Scientists Question Data, Ethics, Findings of Lancet HCQ Study

Marcus A. Banks

June 01, 2020

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More than 140 scientists and physicians are challenging the validity of an influential study that found an association between prescribing the antimalarial drugs hydroxychloroquine and chloroquine for COVID-19 patients and increased in-hospital mortality. After the observational study's results were published in The Lancet on May 22, the World Health Organization (WHO) temporarily suspended enrollment into an ongoing randomized clinical trial testing hydroxychloroquine for COVID-19.

An open letter to the observational study's authors and The Lancet's editor-in-chief posted May 28 lists 10 concerns. The signatories, who identify themselves as "clinicians, medical researchers, statisticians, and ethicists from across the world," say the researchers failed to account sufficiently for factors that may have influenced their results, including disease severity, and raise concerns about a lack of ethics review and errors in the underlying database.

They also charge that the study's authors are being unduly secretive about their data sources and methods, despite the fact that The Lancet signed a pledge to support data sharing during the coronavirus pandemic.

"This paper has had a really negative impact on clinical trials," said James Watson, DPhil, a statistician at the Mahidol-Oxford Tropical Medicine Research Unit in Thailand and the lead signatory on the open letter. "A lot of decisions [about hydroxychloroquine] have been made on the basis of very poor evidence. This drug could be harmful, it could be beneficial, it could do absolutely nothing at all, but we need a randomized trial," Watson said.

The Lancet study is based on data from the medical services company Surgisphere about 96,032 hospital patients diagnosed with COVID-19 from December 20 to April 14 from every continent except Antarctica. Every patient was discharged by April 21, unless they had died by then. The majority of patients, 81,144, did not receive antimalarial drugs. The remaining 14,888 patients began to receive the antimalarial drugs chloroquine or hydroxychloroquine within 48 hours of their positive diagnosis, either alone or with an antibiotic.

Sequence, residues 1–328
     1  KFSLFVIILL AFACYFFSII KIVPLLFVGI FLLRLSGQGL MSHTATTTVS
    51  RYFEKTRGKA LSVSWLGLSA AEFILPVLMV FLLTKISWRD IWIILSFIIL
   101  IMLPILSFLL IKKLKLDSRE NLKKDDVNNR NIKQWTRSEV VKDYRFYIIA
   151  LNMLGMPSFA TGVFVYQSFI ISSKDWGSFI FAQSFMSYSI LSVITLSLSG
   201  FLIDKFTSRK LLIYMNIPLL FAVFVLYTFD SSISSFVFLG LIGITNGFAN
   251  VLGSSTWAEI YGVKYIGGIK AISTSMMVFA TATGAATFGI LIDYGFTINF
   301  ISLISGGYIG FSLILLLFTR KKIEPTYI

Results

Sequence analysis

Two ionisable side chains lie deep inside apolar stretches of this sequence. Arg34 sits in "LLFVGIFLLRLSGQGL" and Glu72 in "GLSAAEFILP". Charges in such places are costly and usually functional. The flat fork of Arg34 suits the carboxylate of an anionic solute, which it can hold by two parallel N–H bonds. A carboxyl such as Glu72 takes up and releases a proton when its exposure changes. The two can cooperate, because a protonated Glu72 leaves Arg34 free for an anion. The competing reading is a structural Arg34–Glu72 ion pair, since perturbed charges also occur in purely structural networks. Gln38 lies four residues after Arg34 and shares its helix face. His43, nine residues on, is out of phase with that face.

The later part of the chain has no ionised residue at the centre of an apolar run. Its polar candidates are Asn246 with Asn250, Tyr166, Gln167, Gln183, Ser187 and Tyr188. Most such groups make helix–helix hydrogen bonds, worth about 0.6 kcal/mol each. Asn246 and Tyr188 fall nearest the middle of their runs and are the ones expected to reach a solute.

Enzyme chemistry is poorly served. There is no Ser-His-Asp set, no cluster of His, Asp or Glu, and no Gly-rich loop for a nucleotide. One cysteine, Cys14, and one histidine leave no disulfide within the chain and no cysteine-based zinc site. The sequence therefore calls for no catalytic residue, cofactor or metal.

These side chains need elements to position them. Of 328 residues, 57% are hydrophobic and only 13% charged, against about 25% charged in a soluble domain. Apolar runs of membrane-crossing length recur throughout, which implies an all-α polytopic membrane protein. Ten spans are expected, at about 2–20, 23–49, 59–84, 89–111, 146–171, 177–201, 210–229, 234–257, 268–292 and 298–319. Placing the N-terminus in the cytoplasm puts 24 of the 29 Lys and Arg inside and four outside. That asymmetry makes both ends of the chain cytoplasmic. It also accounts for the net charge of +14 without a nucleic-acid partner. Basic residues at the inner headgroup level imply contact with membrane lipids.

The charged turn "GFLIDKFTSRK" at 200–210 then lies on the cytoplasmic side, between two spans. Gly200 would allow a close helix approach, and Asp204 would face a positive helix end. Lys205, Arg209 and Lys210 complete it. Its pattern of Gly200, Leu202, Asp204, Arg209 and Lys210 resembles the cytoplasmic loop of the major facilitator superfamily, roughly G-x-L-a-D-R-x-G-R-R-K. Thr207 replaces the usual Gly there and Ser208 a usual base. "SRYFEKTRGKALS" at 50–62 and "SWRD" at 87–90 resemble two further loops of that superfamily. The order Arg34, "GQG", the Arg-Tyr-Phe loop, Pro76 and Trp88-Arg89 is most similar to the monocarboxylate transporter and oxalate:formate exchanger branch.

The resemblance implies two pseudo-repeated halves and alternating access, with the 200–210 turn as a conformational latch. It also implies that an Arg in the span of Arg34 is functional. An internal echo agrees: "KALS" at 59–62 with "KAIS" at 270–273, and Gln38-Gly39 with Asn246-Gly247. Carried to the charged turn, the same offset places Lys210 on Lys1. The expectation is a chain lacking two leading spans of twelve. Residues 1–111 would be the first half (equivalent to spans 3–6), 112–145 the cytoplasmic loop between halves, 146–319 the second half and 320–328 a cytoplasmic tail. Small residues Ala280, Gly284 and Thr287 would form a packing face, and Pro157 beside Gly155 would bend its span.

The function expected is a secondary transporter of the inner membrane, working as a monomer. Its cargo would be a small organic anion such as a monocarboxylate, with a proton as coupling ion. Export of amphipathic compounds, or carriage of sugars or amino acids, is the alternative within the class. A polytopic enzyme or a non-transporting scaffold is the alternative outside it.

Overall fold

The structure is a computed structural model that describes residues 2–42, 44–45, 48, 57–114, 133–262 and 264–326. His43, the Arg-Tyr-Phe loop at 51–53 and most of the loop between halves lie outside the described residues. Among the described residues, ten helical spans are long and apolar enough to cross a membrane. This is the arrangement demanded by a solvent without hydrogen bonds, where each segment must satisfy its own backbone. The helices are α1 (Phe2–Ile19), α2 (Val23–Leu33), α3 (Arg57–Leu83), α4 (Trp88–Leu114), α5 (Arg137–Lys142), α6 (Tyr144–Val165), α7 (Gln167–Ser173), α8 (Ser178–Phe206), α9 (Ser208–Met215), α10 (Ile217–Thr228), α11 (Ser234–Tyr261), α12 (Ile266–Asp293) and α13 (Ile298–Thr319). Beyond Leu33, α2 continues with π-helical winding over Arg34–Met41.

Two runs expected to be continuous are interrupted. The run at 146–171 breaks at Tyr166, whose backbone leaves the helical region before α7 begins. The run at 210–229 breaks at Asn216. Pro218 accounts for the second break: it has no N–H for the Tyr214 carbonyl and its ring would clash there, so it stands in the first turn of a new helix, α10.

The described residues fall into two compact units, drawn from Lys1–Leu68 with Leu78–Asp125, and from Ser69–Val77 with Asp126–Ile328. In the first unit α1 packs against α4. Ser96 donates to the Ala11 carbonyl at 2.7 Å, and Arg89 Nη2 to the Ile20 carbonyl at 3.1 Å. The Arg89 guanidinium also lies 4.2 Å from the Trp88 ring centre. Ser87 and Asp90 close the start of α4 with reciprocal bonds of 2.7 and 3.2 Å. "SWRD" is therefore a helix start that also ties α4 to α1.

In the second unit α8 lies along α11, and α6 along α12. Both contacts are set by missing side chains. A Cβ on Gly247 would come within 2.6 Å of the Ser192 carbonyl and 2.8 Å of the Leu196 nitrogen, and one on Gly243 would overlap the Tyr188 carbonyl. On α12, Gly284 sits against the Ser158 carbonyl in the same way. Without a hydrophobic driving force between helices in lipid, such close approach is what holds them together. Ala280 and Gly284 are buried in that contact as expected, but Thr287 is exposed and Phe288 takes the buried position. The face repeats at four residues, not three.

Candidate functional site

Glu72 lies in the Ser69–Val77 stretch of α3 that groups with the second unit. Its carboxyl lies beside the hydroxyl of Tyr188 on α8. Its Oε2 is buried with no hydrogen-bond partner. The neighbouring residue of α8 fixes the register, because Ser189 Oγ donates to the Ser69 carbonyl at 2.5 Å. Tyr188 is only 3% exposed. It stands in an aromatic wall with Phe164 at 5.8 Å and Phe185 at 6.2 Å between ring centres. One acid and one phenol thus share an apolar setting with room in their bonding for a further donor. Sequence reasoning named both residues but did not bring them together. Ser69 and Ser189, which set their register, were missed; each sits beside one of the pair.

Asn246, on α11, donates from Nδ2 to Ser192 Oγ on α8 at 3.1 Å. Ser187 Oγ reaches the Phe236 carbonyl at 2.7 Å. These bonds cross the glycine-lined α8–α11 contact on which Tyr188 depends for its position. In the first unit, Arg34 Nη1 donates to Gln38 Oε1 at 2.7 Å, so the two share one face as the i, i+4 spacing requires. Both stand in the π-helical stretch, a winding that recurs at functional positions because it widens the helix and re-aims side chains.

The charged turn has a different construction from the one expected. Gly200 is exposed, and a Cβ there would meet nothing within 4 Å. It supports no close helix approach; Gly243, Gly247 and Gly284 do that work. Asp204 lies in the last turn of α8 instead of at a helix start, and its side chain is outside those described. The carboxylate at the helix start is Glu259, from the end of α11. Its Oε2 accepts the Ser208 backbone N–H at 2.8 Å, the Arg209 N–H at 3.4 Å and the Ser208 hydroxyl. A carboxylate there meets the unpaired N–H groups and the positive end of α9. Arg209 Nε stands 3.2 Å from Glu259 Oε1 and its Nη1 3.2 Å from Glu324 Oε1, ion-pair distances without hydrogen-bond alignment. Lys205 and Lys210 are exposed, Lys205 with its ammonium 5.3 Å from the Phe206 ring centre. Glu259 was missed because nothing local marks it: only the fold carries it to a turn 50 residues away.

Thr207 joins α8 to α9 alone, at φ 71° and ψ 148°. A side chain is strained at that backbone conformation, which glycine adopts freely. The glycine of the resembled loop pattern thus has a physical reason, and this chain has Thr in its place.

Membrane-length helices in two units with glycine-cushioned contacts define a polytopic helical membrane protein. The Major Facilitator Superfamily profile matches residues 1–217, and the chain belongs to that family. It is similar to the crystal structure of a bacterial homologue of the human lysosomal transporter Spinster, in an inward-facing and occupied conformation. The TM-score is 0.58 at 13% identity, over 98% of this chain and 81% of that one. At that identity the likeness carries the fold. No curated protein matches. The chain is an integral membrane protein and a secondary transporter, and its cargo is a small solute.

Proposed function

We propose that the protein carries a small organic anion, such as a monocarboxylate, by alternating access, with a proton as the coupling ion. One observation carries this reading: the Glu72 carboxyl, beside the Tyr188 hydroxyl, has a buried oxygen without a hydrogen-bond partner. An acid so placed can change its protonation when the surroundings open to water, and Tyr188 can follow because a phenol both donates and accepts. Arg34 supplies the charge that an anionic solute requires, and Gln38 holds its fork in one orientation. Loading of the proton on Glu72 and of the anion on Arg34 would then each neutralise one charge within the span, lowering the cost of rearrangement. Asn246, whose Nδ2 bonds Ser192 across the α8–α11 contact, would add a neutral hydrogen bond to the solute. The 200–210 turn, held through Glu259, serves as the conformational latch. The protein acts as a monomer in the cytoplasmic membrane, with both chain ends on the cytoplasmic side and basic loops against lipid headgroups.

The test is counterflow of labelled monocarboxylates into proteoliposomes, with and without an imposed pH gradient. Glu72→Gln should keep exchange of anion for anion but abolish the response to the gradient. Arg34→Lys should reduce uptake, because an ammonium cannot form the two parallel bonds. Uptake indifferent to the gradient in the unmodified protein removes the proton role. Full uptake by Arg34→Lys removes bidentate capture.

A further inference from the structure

After controlling for numerous factors including age, race, sex, and comorbidities such as cardiovascular and lung disease, the authors found that patients on antimalarials were twice as likely to die in the hospital as patients who did not receive them (18% mortality for patients who received hydroxychloroquine, 16.4% for chloroquine, 9.3% for those who did not receive an antimalarial). Patients who also received antibiotics experienced even higher mortality rates.

"We were fairly reassured that, although the study was observational, the signals were robust and consistent across all regions of the world in diverse populations, and we did not see any muting of that signal, depending on region," lead author Mandeep R. Mehra, MD, MSc, the William Harvey Distinguished Chair in Advanced Cardiovascular Medicine at Brigham and Women's Hospital in Boston, Massachusetts, previously told | Medscape Cardiology about the results.

Severity-of-Disease Stratification Needed

Watson's central critique is that The Lancet authors did not properly stratify patients by severity of disease. The parameters the study authors used to determine disease severity, the level of blood oxygen saturation and rates of suspected infection, did not identify significant differences between people who received antimalarials and those who did not. Watson feels that another parameter, the ratio of arterial oxygen pressure to fractional inspired oxygen (the PaO2/FiO2 ratio), would have revealed differences between the two groups.